Piecing Together the Fragments: Translating Classical Verse, Creating Contemporary Poetry
In Piecing Together the Fragments, translator and poet Josephine Balmer examines the art of classical translation from the perspective of the practitioner. Positioning her study within the long tradition of translator prefaces and introductions, Balmer argues that such statements should be considered as much a part of creative writing as literary theory. From translating Sappho and other classical women poets, as well as Catullus and Ovid, to her poetry collections inspired by classical literature, Balmer discusses her relationship with her source texts and uncovers the various strategies and approaches she has employed in their transformations into English. In particular, she reveals how the need for radical translation strategies in any rendition of classical texts into English can inspire the poet/translator to new poetic forms and approaches. Above all, she considers how, through the masks or personae of ancient voices, such works offer writers a means of expressing dangerous or difficult subject matter they might not otherwise have been able to broach. A unique study of the challenges and rewards of translating classical poetry, this volume explores radical new ways in which creativity and scholarship might overlap - and interact.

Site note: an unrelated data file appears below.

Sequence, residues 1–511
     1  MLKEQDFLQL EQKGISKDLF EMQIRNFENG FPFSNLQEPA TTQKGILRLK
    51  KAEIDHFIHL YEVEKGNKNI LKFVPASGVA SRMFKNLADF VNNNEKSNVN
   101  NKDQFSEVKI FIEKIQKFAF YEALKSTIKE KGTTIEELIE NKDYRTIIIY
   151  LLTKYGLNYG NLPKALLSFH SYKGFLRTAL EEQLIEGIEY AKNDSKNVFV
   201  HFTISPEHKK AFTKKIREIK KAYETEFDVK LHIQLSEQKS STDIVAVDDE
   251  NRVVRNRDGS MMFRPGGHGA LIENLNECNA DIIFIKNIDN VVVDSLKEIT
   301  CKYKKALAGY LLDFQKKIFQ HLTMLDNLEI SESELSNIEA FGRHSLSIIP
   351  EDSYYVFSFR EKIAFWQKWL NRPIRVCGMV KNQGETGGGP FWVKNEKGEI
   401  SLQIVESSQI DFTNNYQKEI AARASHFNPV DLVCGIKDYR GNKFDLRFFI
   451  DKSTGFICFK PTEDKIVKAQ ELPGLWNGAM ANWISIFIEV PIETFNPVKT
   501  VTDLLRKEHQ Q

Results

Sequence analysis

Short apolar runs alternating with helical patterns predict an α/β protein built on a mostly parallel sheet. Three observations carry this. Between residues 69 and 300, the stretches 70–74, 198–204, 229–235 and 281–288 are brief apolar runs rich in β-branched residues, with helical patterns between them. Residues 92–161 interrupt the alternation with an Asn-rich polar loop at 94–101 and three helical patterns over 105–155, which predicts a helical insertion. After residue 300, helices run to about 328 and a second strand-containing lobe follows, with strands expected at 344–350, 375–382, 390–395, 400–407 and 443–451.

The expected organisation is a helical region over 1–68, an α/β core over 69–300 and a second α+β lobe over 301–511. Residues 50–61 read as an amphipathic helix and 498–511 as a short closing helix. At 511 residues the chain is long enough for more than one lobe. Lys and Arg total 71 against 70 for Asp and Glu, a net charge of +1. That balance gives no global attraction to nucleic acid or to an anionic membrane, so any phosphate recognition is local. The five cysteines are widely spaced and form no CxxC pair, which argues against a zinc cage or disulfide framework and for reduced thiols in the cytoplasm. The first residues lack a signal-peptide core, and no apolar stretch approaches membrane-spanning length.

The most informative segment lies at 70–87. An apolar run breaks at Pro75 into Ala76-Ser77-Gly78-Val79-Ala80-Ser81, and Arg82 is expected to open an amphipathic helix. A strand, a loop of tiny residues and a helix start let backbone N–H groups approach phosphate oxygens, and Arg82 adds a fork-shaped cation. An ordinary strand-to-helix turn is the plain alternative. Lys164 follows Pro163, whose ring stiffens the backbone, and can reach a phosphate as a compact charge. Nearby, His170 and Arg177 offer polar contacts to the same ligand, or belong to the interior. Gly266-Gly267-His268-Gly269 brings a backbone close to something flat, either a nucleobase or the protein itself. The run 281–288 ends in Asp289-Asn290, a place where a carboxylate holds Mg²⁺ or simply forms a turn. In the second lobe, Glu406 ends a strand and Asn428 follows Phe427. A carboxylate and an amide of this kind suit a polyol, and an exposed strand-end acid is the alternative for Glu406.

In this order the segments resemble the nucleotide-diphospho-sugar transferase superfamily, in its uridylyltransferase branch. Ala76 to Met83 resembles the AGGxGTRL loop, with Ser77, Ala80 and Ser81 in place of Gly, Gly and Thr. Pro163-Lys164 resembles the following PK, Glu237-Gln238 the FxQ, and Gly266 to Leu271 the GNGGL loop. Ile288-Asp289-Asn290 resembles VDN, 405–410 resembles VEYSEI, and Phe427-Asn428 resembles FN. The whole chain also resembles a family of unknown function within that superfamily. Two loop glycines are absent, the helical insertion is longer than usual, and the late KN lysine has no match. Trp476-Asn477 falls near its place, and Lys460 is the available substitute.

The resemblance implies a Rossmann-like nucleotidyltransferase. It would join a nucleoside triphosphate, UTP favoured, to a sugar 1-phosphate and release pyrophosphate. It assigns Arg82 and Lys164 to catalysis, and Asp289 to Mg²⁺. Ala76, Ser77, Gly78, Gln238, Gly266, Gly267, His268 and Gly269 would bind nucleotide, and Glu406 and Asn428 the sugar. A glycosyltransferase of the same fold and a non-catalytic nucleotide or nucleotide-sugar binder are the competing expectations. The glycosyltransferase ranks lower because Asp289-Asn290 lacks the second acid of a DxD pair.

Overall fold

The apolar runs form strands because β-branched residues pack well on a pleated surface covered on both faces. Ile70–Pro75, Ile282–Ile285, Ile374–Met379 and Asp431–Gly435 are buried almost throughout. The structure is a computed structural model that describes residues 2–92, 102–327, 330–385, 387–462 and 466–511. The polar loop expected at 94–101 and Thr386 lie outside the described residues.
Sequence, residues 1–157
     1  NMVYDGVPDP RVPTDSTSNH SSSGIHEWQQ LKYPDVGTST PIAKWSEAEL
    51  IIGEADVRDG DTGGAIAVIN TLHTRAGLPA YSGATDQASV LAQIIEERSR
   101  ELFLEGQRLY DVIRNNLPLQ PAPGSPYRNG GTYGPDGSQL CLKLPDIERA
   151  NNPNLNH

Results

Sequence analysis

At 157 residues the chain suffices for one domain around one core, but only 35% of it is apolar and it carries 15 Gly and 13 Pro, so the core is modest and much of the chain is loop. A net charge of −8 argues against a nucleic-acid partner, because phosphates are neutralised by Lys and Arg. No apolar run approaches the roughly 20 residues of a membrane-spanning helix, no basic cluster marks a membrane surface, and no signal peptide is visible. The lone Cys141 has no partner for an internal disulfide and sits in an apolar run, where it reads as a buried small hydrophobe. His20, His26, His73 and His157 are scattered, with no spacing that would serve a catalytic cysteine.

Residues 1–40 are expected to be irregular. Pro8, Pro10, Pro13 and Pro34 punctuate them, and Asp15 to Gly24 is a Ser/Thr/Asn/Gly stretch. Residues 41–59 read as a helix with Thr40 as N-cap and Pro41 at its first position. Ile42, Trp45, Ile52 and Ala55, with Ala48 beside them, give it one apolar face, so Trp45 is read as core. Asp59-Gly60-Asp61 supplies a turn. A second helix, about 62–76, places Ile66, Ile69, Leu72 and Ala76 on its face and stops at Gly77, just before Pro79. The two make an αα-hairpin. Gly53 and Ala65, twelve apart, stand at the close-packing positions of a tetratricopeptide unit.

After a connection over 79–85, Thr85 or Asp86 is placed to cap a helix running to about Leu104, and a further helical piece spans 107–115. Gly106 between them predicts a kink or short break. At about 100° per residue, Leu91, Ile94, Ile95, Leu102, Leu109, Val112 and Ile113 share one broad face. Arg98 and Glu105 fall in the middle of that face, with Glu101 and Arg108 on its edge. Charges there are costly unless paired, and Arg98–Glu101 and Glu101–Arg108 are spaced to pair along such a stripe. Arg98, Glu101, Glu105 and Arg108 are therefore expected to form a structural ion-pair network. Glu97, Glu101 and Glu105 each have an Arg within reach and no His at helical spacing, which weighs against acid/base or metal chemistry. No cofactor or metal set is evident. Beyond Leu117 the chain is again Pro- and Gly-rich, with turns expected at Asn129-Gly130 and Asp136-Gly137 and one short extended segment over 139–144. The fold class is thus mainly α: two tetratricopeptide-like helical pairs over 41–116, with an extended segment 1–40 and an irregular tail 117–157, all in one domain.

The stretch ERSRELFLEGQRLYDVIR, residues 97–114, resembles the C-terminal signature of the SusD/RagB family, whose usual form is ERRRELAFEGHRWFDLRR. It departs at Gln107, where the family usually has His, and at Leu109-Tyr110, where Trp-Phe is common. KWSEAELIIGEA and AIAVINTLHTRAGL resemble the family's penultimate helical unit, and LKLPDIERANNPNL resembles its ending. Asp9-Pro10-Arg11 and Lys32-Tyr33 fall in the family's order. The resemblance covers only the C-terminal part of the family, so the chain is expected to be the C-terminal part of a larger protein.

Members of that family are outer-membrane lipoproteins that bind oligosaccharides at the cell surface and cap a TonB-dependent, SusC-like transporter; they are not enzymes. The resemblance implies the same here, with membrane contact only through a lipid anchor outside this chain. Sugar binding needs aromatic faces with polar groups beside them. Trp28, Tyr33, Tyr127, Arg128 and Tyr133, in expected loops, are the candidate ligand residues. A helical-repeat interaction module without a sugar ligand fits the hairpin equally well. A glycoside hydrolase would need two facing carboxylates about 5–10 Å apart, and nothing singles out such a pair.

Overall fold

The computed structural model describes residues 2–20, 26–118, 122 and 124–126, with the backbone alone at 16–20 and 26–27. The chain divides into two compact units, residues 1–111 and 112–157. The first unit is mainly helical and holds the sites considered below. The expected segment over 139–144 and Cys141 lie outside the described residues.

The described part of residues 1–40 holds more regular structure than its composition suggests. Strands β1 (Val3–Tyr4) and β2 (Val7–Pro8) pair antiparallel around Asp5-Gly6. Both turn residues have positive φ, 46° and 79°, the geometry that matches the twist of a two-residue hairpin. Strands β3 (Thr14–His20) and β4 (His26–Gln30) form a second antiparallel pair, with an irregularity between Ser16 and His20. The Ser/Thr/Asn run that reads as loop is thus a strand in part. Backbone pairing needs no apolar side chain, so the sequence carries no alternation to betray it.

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Aeneid alongside ancient Anne Carson Anyte appears approach argued Balmer Barnard Bassnett Catullus’s century Chapter Chasing Catullus Cicero classical translation Classical Women Poets classicists commentary concludes contemporary Corinna creative critical culture Distaff duBois echoes edition English epic Erinna’s example Ezra Pound female fragment 31 Gallipoli girl Greek Hardwick Helen Homer Iliad included instance issues language later Latin Lefevere Lefkowitz Lesbia literal Literary Translation London lover lyric male Mary Barnard Mary Lefkowitz Michael Longley narrative Nossis notes Odyssey Ovid Ovid’s Ovid’s exile Oxford Page’s papyrus perhaps poem’s poet’s poetic Praxilla preface Prins prose published quoted Rayor readers reference Richlin Roman Royal Gloucestershire Hussars Sappho Sappho fragment Sappho’s poetry scholarly scholars scholarship seems seen semantics Sextus Propertius sexual Simon Armitage source text stanza strategies Sullivan Sulpicia surviving Telesilla textual Tibullus tion translator statements translator’s Tristia Venuti verb verse voice volume woman Word for Sorrow writing